Both acts start seven years in the past when David, who makes mirrors, dies in an accident in his workshop. His elder daughter Laura witnesses, and may have had a part in, his death.  Seven years on we see a family broken apart. Laura has withdrawn into herself and her relationship with her mother Anna is badly broken. Her younger 15-year-old sister Lily is precocious and promiscuous, to some extent encouraged by her mother, who has turned to drink. They take in lodger Nathan, who is working on an anthology of the poetry of an ancestor, to help pay the bills. All three women are attracted to Nathan and seek a relationship, though of different sorts. David’s ghost drifts in and out, but only appears to Nathan and Anna. Nathan unwittingly acts as the catalyst for the resolution of the family’s dysfunctionality.

It’s very well structured, unfolding like a mystery. O’Dwyer’s score is very attractive and not derivative like many new musicals, though it is vocally challenging and some of the performers sometimes misfire with a touch of harshness, flatness or over singing. It’s beautifully played by a trio of keyboards, cello and reeds under MD David Randall. David Woodhead’s design makes excellent use of both levels of the Arcola space, more so that just about anything else I’ve seen here. Leigh Davies’ sound is also amongst the best I’ve experienced in an amplified fringe musical (maybe you should hire him, Southwark Playhouse?!)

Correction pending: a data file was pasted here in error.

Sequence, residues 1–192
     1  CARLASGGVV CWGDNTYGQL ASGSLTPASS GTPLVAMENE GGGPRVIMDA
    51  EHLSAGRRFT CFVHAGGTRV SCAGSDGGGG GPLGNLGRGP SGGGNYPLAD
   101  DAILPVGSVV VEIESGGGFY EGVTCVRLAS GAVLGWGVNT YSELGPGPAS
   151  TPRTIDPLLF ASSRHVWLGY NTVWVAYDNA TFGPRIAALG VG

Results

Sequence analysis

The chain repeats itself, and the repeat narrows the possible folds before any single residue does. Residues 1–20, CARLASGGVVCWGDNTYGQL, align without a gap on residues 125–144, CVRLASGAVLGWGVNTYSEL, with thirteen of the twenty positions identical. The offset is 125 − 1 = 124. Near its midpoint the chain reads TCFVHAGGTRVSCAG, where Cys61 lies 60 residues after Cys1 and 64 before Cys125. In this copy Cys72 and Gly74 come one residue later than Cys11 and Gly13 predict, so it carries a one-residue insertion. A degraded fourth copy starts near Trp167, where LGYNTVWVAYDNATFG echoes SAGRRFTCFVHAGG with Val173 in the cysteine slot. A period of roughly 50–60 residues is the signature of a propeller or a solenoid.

Gillian Kirkpatrick’s Anna is the emotional heart of the piece and she’s excellent. Jamie Muscato is outstanding as Nathan, with superb vocals, a very different role to the one he played in Dogfight but just as impressive. Graham Bickley is David and his musical theatre experience shows, again with particularly fine vocals.

It’s not faultless, but its an impressive first musical and an impressive first outing in an impressive production by Ryan McBryde. Musical theatre aficionados should be sure to catch it in its last two weeks.

 

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I find it astonishing that the story of the Titanic has such a high-profile, now more than 100 years after its fateful maiden voyage. It’s equally astonishing that it has taken 16 years for this Maury Yeston musical to get a London production (sorry, Bromley, but you are in Kent!). It turns out that, in telling the tragic story, this musical is way better than the somewhat pompous and overblown film and this showcase is long overdue.

It tells the story of the tragedy very well, bringing out the conflict between the owner, the shipbuilder, the captain and other crew members, but it’s even better bringing out the personal stories of the passengers and crew through the ship’s own class system. Third class is full of hopeful immigrants, second class has social-climbing holidaymakers and the rich and famous occupy first class.